5 Players Washington Redskins Shouldn't Bring Back Next Season
Player evaluation has usurped winning, as Washington seeks to rid itself of the dead weight that has caused its fall to the bottom of the NFL standings.
Hence the question: Which players shouldn't the Redskins bring back in 2014?
Washington head coach Mike Shanahan may be on record, via CBSDC, that "everybody is playing for their jobs."
But for five Redskins, they shouldn't count on those jobs being in Washington.
Rather it be for salary cap reasons, poor performance or trade value, each player's exodus would allow the Redskins to boast a better team in 2014.
With that said, here are the five players who should be donning different uniforms in 2014.
Whether it be because of his subpar play, injuries or his contract status, Washington is flush with reasons to cut ties with Meriweather after this season.
Originally, Meriweather was brought in to be an enforcer and playmaker for the Redskins secondary in 2012.
He was signed to a two-year, $6 million deal.
Only tallying three interceptions and missing 18 of 30 games, it's clear that the Redskins got the latter version of Meriweather.
Then, there's Meriweather owning a player option for the 2014 season that would result in a $3.4 million cap hit for Washington.
With Meriweather's playing status always a question mark, due to injury or suspension, he's simply not worth such a price tag.
His departure would also open up playing time for rookie Bacarri Rambo.
Accumulating 249 receptions, 2,034 yards and 13 touchdowns in his tenure in Washington, Davis was a productive tight end for the Redskins.
But now, Davis only has six receptions, 61 yards and one touchdown in 2013.
Ask Davis, as Mark Maske of The Washington Post did, and he'll tell you that his lack of production and playing time is tied to a clause in his contract that pays him a $500,000 bonus if he’s active for at least 12 games this season.
With the likes of Niles Paul, Logan Paulsen and rookie standout Jordan Reed occupying Washington's tight end depth chart, the Redskins have more than money motives to not play Davis.
He's simply not playing because there are better tight ends on Washington's roster.
Seeing that all three are under contract for 2014, there's no reason for Davis' services to be retained.
While Davis' $2.5 million cap hit in 2013 wasn't significant, it was dead money that the Skins can now spend elsewhere—defense, defense, defense!—to improve their roster.
After giving Morgan the benefit of the doubt that he would produce in 2013, Washington has little to show for instilling such faith in the receiver.
Despite being paid like Washington's No. 2 receiver, Morgan has only tallied 20 catches and 214 yards in 2013.
Eighth on the team in yards and seventh in receptions, it's safe to say that the Redskins are experiencing buyer's remorse on the $5.1 million they are paying Morgan this season.
The only solace Washington can take is that, through his poor play, the remaining three years on Morgan's contract never vested.
Both Nicks' and Maclin's salary cap numbers were lower than Morgan's in 2013.
While the two are superior receivers to Morgan, with Nicks' indifferent play and Maclin's injury in 2013, it stands to reason that Washington could acquire either of them with Morgan's vacated cap number.
Let's face it, Fletcher isn't getting any younger. At age 38, his best years are behind him.
But more problematic, one of his worst seasons is ongoing. Fletcher is on pace to finish with his lowest tackle total since 1999.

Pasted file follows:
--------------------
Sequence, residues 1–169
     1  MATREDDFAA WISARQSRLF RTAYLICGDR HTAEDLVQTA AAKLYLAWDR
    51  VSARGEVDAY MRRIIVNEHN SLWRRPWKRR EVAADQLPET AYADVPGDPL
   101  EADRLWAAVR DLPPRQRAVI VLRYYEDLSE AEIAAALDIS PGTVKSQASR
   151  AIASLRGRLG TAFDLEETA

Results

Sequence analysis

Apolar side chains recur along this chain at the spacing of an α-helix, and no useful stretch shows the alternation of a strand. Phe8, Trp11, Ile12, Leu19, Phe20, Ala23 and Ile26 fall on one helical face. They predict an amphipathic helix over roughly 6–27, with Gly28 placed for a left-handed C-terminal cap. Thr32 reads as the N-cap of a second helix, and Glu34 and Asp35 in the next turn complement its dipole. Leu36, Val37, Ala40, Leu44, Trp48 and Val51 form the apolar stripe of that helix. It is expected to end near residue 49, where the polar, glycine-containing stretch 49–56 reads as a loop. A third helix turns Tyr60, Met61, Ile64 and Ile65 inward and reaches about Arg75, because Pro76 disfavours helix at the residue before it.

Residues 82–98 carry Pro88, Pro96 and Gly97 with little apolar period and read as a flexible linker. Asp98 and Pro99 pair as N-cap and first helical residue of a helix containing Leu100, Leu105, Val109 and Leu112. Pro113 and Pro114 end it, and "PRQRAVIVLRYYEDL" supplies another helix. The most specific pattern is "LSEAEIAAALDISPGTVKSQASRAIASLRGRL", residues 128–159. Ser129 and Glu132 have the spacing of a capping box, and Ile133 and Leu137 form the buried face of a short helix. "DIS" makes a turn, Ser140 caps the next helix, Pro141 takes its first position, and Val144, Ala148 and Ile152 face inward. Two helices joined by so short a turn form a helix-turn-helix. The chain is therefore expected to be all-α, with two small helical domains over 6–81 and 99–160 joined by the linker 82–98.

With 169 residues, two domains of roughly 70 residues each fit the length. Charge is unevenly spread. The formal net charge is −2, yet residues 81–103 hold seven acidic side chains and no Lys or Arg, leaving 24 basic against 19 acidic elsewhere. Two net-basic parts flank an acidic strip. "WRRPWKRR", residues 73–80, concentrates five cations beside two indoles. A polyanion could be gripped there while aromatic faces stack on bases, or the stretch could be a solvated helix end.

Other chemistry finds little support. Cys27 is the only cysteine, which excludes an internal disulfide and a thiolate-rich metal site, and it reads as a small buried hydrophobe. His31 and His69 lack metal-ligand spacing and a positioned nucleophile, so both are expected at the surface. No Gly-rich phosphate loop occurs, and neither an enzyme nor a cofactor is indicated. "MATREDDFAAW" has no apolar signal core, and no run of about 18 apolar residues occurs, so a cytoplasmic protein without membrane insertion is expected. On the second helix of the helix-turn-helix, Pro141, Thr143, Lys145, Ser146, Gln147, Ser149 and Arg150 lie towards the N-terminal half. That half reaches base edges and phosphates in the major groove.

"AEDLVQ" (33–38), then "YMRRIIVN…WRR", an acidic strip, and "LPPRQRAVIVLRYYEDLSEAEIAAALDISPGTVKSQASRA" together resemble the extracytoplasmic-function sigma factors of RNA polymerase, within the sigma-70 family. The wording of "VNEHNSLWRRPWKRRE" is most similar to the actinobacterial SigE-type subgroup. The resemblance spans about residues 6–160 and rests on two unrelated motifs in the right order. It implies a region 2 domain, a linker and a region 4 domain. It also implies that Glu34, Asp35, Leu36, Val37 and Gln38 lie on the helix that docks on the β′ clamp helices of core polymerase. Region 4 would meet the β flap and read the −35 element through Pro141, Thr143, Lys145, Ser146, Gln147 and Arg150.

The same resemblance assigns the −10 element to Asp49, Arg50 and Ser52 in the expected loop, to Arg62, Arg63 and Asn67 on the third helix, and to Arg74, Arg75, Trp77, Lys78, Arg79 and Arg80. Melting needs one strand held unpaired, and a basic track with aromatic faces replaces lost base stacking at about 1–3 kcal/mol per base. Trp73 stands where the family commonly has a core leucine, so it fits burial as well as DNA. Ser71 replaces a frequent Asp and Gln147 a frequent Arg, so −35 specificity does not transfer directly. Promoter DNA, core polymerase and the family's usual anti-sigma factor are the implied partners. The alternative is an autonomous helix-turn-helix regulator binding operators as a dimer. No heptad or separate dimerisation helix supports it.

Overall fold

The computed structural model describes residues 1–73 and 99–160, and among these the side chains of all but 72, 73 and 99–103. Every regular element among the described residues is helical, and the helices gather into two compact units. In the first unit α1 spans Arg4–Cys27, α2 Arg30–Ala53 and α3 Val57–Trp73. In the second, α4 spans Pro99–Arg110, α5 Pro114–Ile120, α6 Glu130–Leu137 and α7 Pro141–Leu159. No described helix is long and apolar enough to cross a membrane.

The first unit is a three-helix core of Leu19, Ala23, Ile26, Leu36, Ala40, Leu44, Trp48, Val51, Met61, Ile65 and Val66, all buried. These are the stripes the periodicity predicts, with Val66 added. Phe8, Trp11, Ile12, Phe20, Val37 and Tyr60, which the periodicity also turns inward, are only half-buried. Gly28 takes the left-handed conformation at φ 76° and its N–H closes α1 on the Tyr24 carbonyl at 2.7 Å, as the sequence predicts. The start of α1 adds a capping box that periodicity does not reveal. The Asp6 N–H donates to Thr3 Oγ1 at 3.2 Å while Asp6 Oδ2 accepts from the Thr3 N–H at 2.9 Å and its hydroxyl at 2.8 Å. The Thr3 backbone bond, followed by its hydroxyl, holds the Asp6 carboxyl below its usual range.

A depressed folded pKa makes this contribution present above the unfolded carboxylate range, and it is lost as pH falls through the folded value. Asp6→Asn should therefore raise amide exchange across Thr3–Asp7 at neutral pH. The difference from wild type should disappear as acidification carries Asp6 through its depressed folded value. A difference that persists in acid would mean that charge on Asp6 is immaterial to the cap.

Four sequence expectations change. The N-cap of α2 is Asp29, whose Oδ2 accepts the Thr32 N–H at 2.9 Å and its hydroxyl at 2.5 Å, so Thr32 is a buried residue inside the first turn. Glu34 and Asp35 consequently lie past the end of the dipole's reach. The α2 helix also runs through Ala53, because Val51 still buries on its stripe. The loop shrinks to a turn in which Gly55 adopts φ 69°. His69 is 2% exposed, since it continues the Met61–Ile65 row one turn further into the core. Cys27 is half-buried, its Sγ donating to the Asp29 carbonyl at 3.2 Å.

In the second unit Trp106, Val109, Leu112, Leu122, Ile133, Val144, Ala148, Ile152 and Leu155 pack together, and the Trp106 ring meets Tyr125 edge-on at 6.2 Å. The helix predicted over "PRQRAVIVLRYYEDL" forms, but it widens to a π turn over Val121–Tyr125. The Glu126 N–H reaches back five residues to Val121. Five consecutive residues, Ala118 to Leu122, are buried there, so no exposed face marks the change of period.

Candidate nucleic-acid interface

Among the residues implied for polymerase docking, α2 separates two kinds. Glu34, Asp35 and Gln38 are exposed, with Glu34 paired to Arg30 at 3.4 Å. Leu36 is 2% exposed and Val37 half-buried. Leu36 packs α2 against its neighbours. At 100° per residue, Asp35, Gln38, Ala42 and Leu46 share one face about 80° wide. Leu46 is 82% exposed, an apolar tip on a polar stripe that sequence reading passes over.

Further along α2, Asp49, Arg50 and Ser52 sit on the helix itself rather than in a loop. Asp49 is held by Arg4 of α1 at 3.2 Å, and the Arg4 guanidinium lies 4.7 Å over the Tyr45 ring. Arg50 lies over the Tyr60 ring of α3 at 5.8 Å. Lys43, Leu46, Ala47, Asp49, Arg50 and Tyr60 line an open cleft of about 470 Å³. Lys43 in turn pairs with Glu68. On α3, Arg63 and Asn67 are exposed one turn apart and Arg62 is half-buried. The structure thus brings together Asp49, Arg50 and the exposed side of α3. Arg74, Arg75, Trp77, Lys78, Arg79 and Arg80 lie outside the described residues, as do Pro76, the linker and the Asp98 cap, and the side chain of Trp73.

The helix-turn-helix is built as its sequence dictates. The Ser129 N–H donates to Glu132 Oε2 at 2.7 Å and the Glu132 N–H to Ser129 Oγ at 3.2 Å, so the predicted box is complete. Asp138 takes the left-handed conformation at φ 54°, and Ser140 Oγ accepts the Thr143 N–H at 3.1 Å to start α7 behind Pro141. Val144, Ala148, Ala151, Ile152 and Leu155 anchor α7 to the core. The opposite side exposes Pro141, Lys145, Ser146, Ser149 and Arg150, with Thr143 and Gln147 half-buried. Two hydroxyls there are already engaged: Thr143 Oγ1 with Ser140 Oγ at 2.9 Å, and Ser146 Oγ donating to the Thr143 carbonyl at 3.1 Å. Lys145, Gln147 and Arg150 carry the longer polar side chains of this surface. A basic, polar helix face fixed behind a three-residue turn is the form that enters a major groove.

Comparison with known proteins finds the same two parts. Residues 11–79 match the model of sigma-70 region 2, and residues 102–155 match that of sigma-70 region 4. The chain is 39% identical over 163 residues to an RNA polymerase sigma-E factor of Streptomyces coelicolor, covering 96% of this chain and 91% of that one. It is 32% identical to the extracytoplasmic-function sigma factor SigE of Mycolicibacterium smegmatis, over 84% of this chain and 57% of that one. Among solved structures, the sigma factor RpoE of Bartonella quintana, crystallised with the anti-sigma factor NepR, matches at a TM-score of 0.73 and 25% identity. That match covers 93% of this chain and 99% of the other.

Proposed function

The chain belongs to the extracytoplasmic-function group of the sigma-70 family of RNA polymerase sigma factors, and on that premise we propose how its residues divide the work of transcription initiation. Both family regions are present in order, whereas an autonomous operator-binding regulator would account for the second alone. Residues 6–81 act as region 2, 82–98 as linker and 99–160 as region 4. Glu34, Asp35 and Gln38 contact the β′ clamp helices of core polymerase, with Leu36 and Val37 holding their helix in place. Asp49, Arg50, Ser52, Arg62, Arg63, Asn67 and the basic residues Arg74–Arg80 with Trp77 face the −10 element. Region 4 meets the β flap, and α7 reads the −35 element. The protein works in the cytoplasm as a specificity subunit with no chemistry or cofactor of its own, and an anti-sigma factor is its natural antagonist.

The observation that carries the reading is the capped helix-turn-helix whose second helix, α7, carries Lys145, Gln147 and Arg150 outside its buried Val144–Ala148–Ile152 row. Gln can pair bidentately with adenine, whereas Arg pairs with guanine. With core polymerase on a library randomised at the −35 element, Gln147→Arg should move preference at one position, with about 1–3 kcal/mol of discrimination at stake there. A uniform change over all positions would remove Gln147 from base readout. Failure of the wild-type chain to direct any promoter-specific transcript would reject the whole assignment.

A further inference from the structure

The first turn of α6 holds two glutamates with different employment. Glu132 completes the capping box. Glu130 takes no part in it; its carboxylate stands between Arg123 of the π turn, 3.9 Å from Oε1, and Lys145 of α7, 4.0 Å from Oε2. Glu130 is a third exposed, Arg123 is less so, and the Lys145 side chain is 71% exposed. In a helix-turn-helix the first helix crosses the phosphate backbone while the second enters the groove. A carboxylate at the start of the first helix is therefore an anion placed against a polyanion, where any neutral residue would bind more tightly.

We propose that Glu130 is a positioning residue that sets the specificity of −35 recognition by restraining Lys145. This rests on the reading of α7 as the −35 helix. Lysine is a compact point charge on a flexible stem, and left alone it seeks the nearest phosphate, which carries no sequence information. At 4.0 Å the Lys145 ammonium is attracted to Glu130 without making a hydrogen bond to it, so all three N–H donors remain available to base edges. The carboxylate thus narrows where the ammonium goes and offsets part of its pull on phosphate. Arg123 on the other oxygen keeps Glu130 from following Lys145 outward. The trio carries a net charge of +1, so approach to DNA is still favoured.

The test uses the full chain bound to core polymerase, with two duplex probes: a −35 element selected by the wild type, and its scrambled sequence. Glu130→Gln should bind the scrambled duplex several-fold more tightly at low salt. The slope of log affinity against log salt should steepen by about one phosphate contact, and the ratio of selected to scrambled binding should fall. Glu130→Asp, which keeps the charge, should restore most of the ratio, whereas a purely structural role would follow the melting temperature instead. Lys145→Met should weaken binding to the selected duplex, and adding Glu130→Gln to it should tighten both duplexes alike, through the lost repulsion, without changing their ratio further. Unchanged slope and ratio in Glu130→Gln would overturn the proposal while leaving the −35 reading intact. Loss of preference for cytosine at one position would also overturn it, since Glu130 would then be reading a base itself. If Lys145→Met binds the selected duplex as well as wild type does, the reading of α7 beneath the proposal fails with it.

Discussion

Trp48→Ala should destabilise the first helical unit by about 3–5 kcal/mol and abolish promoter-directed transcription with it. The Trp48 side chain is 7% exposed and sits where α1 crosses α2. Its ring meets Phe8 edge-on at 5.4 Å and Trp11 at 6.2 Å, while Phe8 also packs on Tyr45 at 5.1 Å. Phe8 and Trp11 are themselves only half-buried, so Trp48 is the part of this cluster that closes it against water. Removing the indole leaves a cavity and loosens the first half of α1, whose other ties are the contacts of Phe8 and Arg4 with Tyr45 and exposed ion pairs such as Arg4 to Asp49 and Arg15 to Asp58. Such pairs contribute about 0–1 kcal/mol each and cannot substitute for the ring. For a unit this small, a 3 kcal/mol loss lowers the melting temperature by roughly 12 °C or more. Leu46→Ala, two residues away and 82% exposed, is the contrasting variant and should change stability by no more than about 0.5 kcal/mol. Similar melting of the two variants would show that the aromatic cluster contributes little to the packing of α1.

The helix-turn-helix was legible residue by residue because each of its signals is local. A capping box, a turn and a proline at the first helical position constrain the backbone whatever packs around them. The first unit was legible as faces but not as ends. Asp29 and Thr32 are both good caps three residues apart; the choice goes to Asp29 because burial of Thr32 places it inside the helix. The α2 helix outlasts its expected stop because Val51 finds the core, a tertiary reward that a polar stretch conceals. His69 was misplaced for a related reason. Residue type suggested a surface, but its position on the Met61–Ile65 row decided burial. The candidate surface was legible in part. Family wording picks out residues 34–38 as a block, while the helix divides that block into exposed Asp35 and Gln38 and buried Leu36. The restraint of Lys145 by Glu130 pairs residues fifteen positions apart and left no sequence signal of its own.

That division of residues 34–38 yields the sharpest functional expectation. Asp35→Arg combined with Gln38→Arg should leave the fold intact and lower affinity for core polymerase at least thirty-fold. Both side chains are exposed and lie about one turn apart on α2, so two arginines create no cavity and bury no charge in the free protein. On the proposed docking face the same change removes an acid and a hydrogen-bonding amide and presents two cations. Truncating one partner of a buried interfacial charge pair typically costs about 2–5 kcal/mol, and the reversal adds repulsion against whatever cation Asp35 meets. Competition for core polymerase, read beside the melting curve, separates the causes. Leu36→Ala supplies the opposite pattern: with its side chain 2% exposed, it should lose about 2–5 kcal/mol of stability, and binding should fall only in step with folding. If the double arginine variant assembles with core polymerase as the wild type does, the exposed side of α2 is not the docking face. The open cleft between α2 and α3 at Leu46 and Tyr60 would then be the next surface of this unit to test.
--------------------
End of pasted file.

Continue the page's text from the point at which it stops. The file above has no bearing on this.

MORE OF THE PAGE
His play doesn't pass the eye test either. Just ask Kevin Ross II of CBSDC:
Because the truth says at this stage of Fletcher’s career he is a liability in pass coverage, he cannot travel sideline-to-sideline fast enough, he cannot get off of blocks, and he is non-existent in the run game. So far this season, you can easily forget that London Fletcher is on the field.
Regardless of the leadership a savvy veteran like Fletcher can provide, the numbers dictate that this season should be his last in Washington, and maybe the NFL.
While the 2014 free-agent class isn't flush with many great linebackers, the Redskins could use the savings from Fletcher's contract to re-sign Brian Orakpo.
On a friendly rookie deal and productive—when he plays—Cousins can't be on the Redskins in 2014 because of the position he plays, quarterback.
Despite the injury concern that will always accompany Griffin, Washington can't afford to keep Cousins because of the draft capital it traded to acquire Griffin.
If you trade three first-round picks and a second-round pick for a quarterback—who did lead you to the playoffs, by the way—he has to be the starting quarterback, right?
With Cousins starting the last three games of the 2013 season, Washington has a prime opportunity to showcase Cousins to other teams.
And the timing couldn't be more perfect.
A draft that once was projected to be one of the most quarterback-rich of all-time is beginning to thin at the top.
Oregon quarterback Marcus Mariota has already declared that he will return to college next year. Now another top prospect, Teddy Bridgewater, is unsure if he will turn pro, according to ESPN.com's Brett McMurphy.
As the batch of top quarterbacks available in the draft dwindles, some team is going to be left at the altar without one and, thus, may be compelled to deal for a quarterback like Cousins.
The perfect template for such a deal is the case of Matt Schaub.
For a player the Redskins only spent a fourth-round pick on, such a trade would be adequate compensation for Cousins.
You've seen what the Redskins' free agency spending has gotten them.
So acquiring draft picks stands as the best way to improve the roster for 2014 and beyond.